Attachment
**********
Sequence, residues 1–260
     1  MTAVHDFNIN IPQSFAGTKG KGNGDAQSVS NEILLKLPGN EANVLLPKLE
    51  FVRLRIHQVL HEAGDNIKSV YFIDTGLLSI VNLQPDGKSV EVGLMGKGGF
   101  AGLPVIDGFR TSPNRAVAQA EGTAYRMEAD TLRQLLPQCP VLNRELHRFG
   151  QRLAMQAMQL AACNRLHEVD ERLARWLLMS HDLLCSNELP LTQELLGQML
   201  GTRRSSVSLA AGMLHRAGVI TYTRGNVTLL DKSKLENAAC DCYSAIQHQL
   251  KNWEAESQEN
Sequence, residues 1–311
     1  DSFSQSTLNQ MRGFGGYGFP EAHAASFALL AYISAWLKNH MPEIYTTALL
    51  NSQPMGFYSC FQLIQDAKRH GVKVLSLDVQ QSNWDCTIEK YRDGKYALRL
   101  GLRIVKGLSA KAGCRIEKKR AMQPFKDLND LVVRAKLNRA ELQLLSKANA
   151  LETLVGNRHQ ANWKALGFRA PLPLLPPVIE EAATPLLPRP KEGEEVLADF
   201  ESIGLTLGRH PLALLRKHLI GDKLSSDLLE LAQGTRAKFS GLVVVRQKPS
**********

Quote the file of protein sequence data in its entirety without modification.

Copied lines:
Sequence, residues 1–260
     1  MTAVHDFNIN IPQSFAGTKG KGNGDAQSVS NEILLKLPGN EANVLLPKLE
    51  FVRLRIHQVL HEAGDNIKSV YFIDTGLLSI VNLQPDGKSV EVGLMGKGGF
   101  AGLPVIDGFR TSPNRAVAQA EGTAYRMEAD TLRQLLPQCP VLNRELHRFG
   151  QRLAMQAMQL AACNRLHEVD ERLARWLLMS HDLLCSNELP LTQELLGQML
   201  GTRRSSVSLA AGMLHRAGVI TYTRGNVTLL DKSKLENAAC DCYSAIQHQL
   251  KNWEAESQEN
Sequence, residues 1–311
     1  DSFSQSTLNQ MRGFGGYGFP EAHAASFALL AYISAWLKNH MPEIYTTALL
    51  NSQPMGFYSC FQLIQDAKRH GVKVLSLDVQ QSNWDCTIEK YRDGKYALRL
   101  GLRIVKGLSA KAGCRIEKKR AMQPFKDLND LVVRAKLNRA ELQLLSKANA
   151  LETLVGNRHQ ANWKALGFRA PLPLLPPVIE EAATPLLPRP KEGEEVLADF
   201  ESIGLTLGRH PLALLRKHLI GDKLSSDLLE LAQGTRAKFS GLVVVRQKPS